Though the British pianist John Taylor played with a full slate of jazz greats including Charlie Haden, Lee Konitz, Jan Garbarek and Kenny Wheeler (with whom he performed in varied settings including the vocal trio Azimuth and a duo), he was seriously underappreciated on this side of the ocean at the time of his death in 2015. The reissue of this terrific 1973 album is both a great introduction to his talent and a valuable document of an important artist on the rise.
Decipher captures both the driving intensity and harmonic complexity of Taylor’s style. His trio, including bassist Chris Laurence and drummer Tony Levin, has some of the interactive chemistry of Bill Evans’ great early trio but pushes the music forward in a more aggressive, even swaggering manner. Taylor is in speed mode from the get-go, knocking out swirling, sculpted phrases on “Cipher,” an infectious modal-style tune that circles around a repeated phrase.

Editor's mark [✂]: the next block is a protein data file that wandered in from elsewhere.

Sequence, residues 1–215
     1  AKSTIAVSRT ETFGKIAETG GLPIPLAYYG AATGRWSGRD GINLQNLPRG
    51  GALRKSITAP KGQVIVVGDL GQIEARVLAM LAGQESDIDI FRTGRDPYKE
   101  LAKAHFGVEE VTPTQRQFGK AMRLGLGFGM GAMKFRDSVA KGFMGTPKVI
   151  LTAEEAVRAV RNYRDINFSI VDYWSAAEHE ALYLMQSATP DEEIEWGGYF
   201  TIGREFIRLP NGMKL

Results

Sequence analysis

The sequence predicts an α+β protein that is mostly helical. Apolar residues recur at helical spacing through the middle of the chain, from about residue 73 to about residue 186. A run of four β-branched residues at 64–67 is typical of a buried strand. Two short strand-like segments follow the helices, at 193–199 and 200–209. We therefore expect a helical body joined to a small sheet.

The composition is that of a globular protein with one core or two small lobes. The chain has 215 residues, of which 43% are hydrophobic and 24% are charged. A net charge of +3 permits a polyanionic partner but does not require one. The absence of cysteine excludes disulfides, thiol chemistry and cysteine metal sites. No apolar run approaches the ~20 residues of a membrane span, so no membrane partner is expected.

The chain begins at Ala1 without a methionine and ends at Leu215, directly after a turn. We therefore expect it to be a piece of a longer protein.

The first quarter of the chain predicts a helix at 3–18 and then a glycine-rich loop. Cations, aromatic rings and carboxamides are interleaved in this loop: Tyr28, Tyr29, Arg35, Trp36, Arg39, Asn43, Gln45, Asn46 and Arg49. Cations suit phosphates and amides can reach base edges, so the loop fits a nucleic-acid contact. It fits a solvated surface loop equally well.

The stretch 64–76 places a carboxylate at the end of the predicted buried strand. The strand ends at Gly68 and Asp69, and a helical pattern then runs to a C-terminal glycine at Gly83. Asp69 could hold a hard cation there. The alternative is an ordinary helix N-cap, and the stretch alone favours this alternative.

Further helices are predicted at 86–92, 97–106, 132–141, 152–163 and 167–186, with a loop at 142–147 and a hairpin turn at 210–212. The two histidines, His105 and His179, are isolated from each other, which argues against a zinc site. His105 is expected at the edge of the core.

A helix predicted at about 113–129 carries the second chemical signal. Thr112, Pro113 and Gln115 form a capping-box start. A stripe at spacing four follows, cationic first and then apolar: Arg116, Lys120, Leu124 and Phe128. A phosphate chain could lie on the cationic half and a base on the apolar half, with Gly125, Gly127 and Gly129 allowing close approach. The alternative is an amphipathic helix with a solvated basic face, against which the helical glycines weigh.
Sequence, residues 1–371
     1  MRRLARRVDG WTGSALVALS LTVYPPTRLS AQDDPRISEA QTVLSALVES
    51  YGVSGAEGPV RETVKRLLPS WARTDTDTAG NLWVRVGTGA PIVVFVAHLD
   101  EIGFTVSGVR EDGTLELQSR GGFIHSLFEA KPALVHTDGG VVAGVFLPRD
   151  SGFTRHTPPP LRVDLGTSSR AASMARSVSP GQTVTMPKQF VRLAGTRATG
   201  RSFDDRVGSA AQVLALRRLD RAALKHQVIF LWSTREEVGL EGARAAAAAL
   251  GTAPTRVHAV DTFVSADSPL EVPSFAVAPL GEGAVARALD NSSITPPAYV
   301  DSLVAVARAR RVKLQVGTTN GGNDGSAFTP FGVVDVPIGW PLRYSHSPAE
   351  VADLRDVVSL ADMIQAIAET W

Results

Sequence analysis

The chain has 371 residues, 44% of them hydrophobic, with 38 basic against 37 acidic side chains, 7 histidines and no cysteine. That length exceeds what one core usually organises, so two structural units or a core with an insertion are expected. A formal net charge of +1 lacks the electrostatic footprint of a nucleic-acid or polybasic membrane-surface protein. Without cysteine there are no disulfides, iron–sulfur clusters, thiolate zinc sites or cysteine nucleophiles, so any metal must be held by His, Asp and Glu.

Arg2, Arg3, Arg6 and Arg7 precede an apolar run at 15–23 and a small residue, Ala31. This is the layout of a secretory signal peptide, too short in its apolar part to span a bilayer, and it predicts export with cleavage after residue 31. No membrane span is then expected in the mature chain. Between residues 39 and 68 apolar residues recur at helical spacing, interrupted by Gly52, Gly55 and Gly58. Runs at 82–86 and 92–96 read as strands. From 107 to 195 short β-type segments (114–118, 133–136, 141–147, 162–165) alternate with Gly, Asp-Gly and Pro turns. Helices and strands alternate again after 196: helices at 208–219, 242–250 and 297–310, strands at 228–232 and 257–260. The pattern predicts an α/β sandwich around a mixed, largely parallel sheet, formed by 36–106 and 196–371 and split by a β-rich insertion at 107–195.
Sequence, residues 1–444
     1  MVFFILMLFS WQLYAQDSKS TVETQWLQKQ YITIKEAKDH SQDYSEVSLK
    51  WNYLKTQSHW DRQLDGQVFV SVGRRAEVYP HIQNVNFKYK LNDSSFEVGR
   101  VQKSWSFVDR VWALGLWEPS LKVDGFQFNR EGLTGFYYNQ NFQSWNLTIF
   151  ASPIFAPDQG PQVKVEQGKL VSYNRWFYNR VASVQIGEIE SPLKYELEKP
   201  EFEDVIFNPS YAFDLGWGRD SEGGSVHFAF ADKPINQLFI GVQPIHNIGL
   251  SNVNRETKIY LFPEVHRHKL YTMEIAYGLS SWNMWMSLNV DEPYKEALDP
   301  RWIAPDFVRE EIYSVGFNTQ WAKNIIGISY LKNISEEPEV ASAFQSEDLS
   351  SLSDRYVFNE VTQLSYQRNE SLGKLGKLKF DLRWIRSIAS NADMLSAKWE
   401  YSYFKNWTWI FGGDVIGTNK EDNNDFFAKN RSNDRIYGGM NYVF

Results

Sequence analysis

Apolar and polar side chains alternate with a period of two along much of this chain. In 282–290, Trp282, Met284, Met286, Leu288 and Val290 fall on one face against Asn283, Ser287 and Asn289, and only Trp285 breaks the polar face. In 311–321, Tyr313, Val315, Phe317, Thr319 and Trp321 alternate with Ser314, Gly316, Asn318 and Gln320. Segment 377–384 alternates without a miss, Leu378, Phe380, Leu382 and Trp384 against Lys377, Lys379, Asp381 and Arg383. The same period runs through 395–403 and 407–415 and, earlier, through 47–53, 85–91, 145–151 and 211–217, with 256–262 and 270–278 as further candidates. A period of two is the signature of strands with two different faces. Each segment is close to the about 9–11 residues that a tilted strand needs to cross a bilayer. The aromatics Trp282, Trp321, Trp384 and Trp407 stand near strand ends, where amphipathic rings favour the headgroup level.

Even when he harmonically undresses “Cipher” on the attached tune, “Wait for Me,” or settles into the relaxed free-jazzish introduction to “Leaping,” Taylor and trio sustain their intensity. In following “Speak to Me,” a thoughtful midtempo number, with “Song for a Child,” a lovely ballad, Taylor slyly points to one of his influences, Herbie Hancock, and his classic “Speak Like a Child.” Throughout, Taylor is equally impressive attaining lyrical depths and springing, soaring heights. The superior sound of the CD (always a given with MPS) adds to the appeal of this long-unavailable recording.